In a few hours, James was standing at the front door to Shelby's house and one of Mike's men was picking the door for him. James had once given some thought to picking up lockpicking as a hobby but he simple didn't have the steady hands it required. It certainly wasn't as easy as some TV shows made it look: as if anyone could grab a paperclip and have it open in ten seconds or less.

Still, Mike's guy was a professional and had the door open in a little under a minute. As soon as the door opened they heard the in house alarm system being to beep softly. Such systems were fairly standard and it meant that you had so long to enter the proper code before it would start blaring in earnest and send a warning to the company who owned it.

James figured that there probably was a way to hack the keypad and convince it that it had received the proper code, but it was far easier to just disable it. So, Mike's man removed the two screws holding it to the wall, and after a moment of fussing with the wires, he snipped two and the soft warning cut out.

"Alright," he said to James. "You should be all set. So, I'm gonna grab the car and be waiting a couple blocks over. Make sure you don't leave the gun behind, and don't freeze up after you shoot, just get out. Above anything else, if you get caught for fuck's sake don't sell out. We'll get you a good lawyer and bribe the right people if you just keep your damn mouth shut, you got it?"

James nodded and checked the slugs inside the shotgun for the third time. He couldn't deny that he was feeling nervous; well, actually that wasn't right. He wasn't nervous or anxious. He was eager, excited and positively manic: almost giddy. He even laughed to himself for a while. Still, over time he managed to calm himself down and sat down in a chair that had a view on the door and shut out the lights, deciding to go for the dramatic.

It was always a huge power move in the movie when someone got home only to hear a voice speaking from the darkness. However, the trade off that wasn't discussed was how truly boring it was to be the one just waiting. It was really incredibly dull to just sit in a pitch-black house waiting for someone to open the door.

Still, he'd made his decision and he was stubborn enough that he was going to see this through. So he waited. And waited. And waited some more. After what was surely almost a full hour, he heard the door lock scrap a little as Shelby managed to insert his key into the lock. Another couple seconds passed as he opened the door, then shut it behind him. It was as he reached over to disable the alarm that he realized something was wrong. At that second James turned on the lights.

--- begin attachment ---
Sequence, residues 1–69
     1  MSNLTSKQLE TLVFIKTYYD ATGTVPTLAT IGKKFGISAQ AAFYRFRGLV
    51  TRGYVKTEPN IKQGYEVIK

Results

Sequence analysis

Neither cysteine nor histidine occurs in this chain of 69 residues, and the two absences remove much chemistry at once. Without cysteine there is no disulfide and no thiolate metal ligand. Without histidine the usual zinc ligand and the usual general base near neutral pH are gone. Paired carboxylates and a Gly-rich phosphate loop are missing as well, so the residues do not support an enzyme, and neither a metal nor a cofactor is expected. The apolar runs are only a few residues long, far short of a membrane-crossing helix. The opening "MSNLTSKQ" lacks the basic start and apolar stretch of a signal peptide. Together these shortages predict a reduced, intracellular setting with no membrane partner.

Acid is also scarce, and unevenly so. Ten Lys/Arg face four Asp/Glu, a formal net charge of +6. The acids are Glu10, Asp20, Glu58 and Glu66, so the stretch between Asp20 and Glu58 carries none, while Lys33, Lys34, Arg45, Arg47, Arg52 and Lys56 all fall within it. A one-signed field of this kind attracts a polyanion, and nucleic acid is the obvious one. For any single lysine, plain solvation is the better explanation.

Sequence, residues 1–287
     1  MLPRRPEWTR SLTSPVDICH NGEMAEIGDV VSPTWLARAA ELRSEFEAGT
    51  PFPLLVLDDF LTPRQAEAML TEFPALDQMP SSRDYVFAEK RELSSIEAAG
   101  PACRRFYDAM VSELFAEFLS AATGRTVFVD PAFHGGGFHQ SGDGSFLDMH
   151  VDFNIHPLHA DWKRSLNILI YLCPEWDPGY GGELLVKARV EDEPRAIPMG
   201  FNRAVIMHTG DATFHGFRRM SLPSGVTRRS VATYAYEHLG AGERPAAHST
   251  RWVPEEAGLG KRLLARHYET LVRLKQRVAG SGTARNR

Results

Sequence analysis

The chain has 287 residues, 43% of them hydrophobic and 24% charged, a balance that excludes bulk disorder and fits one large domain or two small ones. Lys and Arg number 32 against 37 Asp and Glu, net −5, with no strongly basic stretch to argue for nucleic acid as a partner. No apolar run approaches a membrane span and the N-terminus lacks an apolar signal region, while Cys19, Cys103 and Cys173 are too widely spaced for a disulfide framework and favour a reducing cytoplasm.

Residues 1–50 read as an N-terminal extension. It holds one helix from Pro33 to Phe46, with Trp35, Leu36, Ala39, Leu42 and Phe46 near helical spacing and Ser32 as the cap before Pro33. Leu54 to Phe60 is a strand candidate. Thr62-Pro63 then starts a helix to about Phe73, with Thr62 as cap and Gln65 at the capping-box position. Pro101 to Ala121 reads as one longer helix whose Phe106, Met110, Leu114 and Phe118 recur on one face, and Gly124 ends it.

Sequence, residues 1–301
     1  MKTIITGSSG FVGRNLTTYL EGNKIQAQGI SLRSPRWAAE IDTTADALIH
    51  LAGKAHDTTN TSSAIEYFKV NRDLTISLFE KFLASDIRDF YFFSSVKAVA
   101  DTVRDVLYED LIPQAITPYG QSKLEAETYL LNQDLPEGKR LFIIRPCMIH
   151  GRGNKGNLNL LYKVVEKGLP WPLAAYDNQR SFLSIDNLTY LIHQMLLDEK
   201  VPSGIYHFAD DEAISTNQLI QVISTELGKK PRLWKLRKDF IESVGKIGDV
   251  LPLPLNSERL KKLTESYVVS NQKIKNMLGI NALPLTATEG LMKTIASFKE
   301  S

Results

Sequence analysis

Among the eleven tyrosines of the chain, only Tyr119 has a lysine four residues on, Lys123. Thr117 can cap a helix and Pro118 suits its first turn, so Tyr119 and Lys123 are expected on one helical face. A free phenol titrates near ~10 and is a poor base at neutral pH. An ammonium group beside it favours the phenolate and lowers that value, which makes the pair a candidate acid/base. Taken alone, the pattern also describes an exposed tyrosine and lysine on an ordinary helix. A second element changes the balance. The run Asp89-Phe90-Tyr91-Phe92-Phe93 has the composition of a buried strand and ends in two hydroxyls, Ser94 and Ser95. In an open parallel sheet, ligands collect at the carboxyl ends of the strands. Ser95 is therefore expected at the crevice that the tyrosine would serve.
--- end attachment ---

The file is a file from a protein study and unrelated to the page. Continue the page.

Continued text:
"What the—"

Shelby turned around, covering his eyes from the sudden burst of light. As his eyes refocused, James could see Shelby realize what was going on, and fear flashed through him. It was the very moment he'd been waiting for, because in that second, in that moment, James owned him. Shelby knew it didn't matter what he did. Oh sure, fight or flight would win out and he would inevitably try to do whatever he could, but it wouldn't really matter.

"Hi there, Ron," said James cheerfully, as if greeting a friend.

In that moment, in a weird way, he supposed he was sort of Shelby's friend. He was, after all, the last thing that the man was ever going to see. Granted, that didn't make him a good friend, but at least Shelby wouldn't die alone. It just another thing that James had taken control of. Shelby's fight instincts finally kicked in and he reached for his hip where he doubtless had a pistol.


It really wasn't a contest. James had already had his shotgun out and pointed right at his target. They could've replayed that moment one hundred times and James doubted it would've turned out any different. The spread shot spread through Shelby and he stumbled backwards, slamming into the wall and slowly sliding down the to the floor. His back left smears of blood running down the beige walls.

"W-why?" asked Shelby, coughing.

"Shhhhh," said James standing up. "It's just business friend."


James pulled the other trigger and fired the slug right through Shelby's head. It was amazing. His body automatically went through what he was supposed to do, stuffing the gun under his overcoat and sprinting out the back door. However, he didn't feel any panic, or remorse for that moment. He felt elation flood through him, as if he'd just slammed some drug into his arm, only far exciting.

Later he would reflect on that moment and have a proper name for the endorphin that had hit him at that moment: dopamine. It was a feel-good drug that the brain released upon completing something that it was anticipating was going to happen, and right then and there James' brain was overflowing with dopamine.

It was like running on air, like he was less a man and more a force of nature. He pushed through the crowd of people and ignored their shouts of indignation, running right to the black car parked on the side of the street. As he landed in the back seat the car started up and Mike's man began to drive him off the street.

"You do it?" he asked.

"Done and done," James said, a broad smile on his face.

"Damn, I owe Mike a grand."

"You bet against me?" James asked, honestly surprised.

"Nothing personal, just most pedigree children like you don't have the guts for this type of thing, but hey I've been wrong before."

James laughed earnestly.

"Sucks to be you," he said as the drove through Chicago's busy streets back towards Moretti's place.